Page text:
Below are some recently decided criminal law cases from the Maryland Court of Appeals and the Court of Special Appeals. Coming soon- I will post about Petitions for Writ Actual Innocence and the body of case law that is developing on the issue. Two of the most recent decisions on Petitions for Writ of Actual Innocence were decided recently and are covered below.
**UPDATE: The Court of Special Appeals granted the ALA in Adnan’s case on February 6, 2015. The case was sent back to Judge Welch in Baltimore City Circuit Court for the court to consider Asia’s affidavit and potential testimony. Adnan is also attempting to amend his petition with an additional claim regarding the cell phone data that was a key part of the evidence against Adnan. Although the circuit court must consider the affidavit from Asia, including information that she was misled by the prosecution regarding the potential significance of her testimony, the court will decide, in light of this information, whether to grant a hearing or not.
I’ve been meaning to post for a while regarding the next step if you lose your post conviction. The current buzz around the Serial Podcast and the recent action in Adnan Syed’s case seem like an ideal jumping off point. So what happens if you lose your post conviction? What is your recourse? You may file an Application for Leave to Appeal (or an “ALA” for short) within 30 days of the date of the court’s order denying you post conviction relief. You are limited to the issues you raised in your post conviction petition. You don’t have to raise every issue you argued in post conviction, but you cannot raise new issues that you never argued before. This is because the crux of your argument in your Application for Leave to Appeal is that the post conviction court got it wrong in denying you relief. You cannot say the post conviction court decided an issue wrong if they never had the opportunity to hear it. The ALA is filed in the clerk’s office of the circuit court that heard the post conviction and the ALA is then forwarded to the Court of Special Appeals. An ALA is different than a direct appeal. If you are found guilty after a trial, you have a direct right of appeal. That means the Court of Special Appeals must hear your case. You may file a lengthy written brief; the Attorney General’s Office (not the State prosecutor) files a response; sometimes you file a reply to the Attorney General’s brief; and typically, there is an oral argument before a panel of three judges in the Court of Special Appeals in Annapolis.
An ALA is a bit of a different animal. Certain pleadings such as a post conviction, a motion to reopen, or a guilty plea do not automatically have the right to appeal. Instead, you have the right to ask for permission for the Court of Special Appeals to hear your appeal. Typically, an ALA is shorter document than a full fledged appeal. In the vast majority of cases, the Court of Special Appeals issues a one page opinion that reads, “read, considered, denied.” On rare occasion, the Court will order the Attorney General to respond, and then sometimes the Court will set the case in for full briefing and oral argument. At that point, the case is treated in a similar manner to a direct appeal. In the Application for Leave to Appeal, you are arguing that the circuit court who denied your post conviction got it wrong. So for example, if you alleged in your post conviction petition that your trial counsel was ineffective for failing to call an alibi witness and the post conviction court said, I do not find that trial counsel was ineffective because I’m persuaded that trial counsel made a tactical decision to not pursue this witness, then you are asking the next highest court to disagree with the post conviction court and find that trial counsel was ineffective for the reasons your argued in the court below.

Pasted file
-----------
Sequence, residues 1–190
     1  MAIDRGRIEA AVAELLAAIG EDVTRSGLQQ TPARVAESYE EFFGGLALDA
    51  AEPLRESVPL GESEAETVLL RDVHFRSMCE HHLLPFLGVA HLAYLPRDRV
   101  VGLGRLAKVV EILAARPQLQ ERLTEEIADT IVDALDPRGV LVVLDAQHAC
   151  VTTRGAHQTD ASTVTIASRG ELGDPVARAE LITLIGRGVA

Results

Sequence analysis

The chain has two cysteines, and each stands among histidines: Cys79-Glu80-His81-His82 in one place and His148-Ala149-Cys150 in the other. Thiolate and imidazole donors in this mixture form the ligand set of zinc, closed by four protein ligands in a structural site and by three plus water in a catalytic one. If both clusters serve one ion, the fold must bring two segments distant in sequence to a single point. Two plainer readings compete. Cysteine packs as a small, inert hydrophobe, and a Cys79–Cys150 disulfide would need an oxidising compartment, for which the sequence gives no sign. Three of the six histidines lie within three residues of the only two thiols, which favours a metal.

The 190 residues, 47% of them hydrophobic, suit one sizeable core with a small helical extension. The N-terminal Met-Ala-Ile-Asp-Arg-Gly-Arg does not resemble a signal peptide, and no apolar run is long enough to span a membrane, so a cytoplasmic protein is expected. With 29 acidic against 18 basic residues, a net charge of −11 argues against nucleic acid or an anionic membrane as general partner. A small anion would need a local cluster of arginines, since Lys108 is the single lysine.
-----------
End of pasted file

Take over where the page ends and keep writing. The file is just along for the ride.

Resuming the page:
So what exactly is happening in Adnan Syed’s case and what is the significance of the recent action taken by the Court of Special Appeals? Represented by C. Justin Brown, Mr. Syed filed a post conviction petition alleging ineffective assistance of counsel. As is usually argued in a post conviction petition, Mr. Syed argued that trial counsel was ineffective, i.e. made a serious mistake, that caused him prejudice, i.e., there is a substantial possibility that but for trial counsel’s mistake, the result of the trial would have been different. If Mr. Syed could persuade the post conviction court that trial counsel was ineffective in this way, then he would be entitled to a new trial. Mr. Syed alleged, amongst other claims, “whether it was ineffective for trial counsel to ignore and fail to investigate a credible alibi witness who had stated, prior to trial, that she was with Petitioner at approximately the same time that the murder occurred;” and whether trial counsel was ineffective for telling her client she had fulfilled his wish and approached the State about a plea offer, when in fact trial counsel had never spoke to the State about a potential plea deal.” Unfortunately, Mr. Syed was not able to produce his alibi witness at the post conviction hearing to testify about what she would have said if she had been called to testify at the original trial. Although, Mr. Syed had an affidavit from his alibi witness, one of the prosecutors from the original case testified at the post conviction hearing that he had been in contact with the alibi witness and that she informed him that she was pressured into writing the affidavit by Mr. Syed and his family. The post conviction court denied relief and Mr. Syed filed an ALA arguing that the post conviction court got it wrong with regard to those two claims. The Court of Special Appeals ordered the Attorney General’s Office to respond on the second issue, whether the trial counsel was ineffective for telling her client that she sought a plea deal on his behalf, when, in fact, she had not. After the State responded, Mr. Syed then filed a Supplement to his Application for Leave to Appeal asking the Court of Special Appeals to do one of the following, either 1) send the case back down to the post conviction court in light of new evidence; or, to consider the first issue regarding the alibi witness as well as the second issue. The new evidence was a new affidavit from the alibi witness who stated that the prosecutor was lying when he testified at the post conviction hearing and said she (the alibi witness) told the prosecutor that she was pressured into writing that affidavit. The new affidavit stated that the prosecutor misrepresented the potential importance of her alibi information to her. The affidavit also reasserted that she wrote the original affidavit freely and honestly. Fortunately for Mr. Syed, on February 6, 2015, the Court of Special Appeals issued an order granting his Application for Leave to Appeal and setting the case in for full briefing and oral argument. My understanding is that, as of right now, the Application has only been granted with regard to the second issue, i.e., seeking a plea offer. In the order, the Court refers the first issue to another panel of Court of Special Appeals judges to consider the issue regarding the alibi witness. This grant does not reverse the decision of the post conviction court, not yet anyway. It simply means that Mr. Syed has been given another opportunity to argue that his trial attorney was ineffective for not seeking a plea deal; and, potentially, another opportunity to argue that trial counsel was ineffective to for failing to investigate the alibi witness. The Court’s order specifies when each side must file their briefs on those limited issues and when oral argument will take place, June of 2015.